Sunday, May 20, 2012

A history of how limestone became Cairo

Egypt Independent (James Purtill)

 Good to see geology being given some media space!

Under Cairo’s asphalt, under the reverberations of its street traffic, rocks are flowing, compacting, shearing and warping.

The city is built on millions-of-years-old fossil limestone. You have to travel to the outskirts, though, to get a sense of the Cairo’s terra firma — at Moqattam, where the limestone outcrops from the necropolis; on Ain Sokhna Road, where the cuttings hold petrified tree trunks; or at Wadi Degla, a natural valley on the outskirts of Maadi.

One week ago, Egypt Independent joined American oil geologist Bill Bosworth and Egyptologist Ahmed Seddik on a tour of what Seddik called “Egypt’s Grand Canyon,” Wadi Degla.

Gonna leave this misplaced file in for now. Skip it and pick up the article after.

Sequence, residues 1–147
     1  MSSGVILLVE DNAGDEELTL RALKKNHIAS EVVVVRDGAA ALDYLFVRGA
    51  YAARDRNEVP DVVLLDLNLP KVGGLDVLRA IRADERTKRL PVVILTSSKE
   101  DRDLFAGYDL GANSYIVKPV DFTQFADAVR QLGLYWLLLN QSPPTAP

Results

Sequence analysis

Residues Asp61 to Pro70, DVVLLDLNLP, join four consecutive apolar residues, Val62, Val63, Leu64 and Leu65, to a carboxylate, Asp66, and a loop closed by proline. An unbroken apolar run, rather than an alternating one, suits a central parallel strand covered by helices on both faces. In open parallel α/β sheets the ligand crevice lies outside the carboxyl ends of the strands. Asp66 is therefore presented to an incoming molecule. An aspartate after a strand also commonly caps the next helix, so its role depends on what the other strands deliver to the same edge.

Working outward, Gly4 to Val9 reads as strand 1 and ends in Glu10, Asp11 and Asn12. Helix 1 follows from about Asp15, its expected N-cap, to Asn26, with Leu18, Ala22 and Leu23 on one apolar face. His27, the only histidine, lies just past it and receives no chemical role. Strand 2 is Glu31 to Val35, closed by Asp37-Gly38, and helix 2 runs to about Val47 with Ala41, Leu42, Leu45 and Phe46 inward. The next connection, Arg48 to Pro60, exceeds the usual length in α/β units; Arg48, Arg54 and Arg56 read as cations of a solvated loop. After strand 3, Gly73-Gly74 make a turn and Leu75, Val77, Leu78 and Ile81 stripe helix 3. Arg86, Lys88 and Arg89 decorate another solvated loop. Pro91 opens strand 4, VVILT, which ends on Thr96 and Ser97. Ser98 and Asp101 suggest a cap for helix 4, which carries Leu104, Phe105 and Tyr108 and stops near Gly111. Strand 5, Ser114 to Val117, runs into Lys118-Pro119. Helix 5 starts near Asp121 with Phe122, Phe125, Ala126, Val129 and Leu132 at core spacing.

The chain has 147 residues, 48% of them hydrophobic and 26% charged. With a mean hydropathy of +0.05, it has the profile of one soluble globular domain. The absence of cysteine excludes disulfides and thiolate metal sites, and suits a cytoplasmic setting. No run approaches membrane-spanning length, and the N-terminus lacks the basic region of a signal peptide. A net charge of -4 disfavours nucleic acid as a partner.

The story of Cairo’s geology is less well-known than that of most capital cities. The first geologic map was completed in 1983. Since then, the science has improved, but the city has spread outwards, covering the secrets of its underlying rock from prying hammers and eyes.

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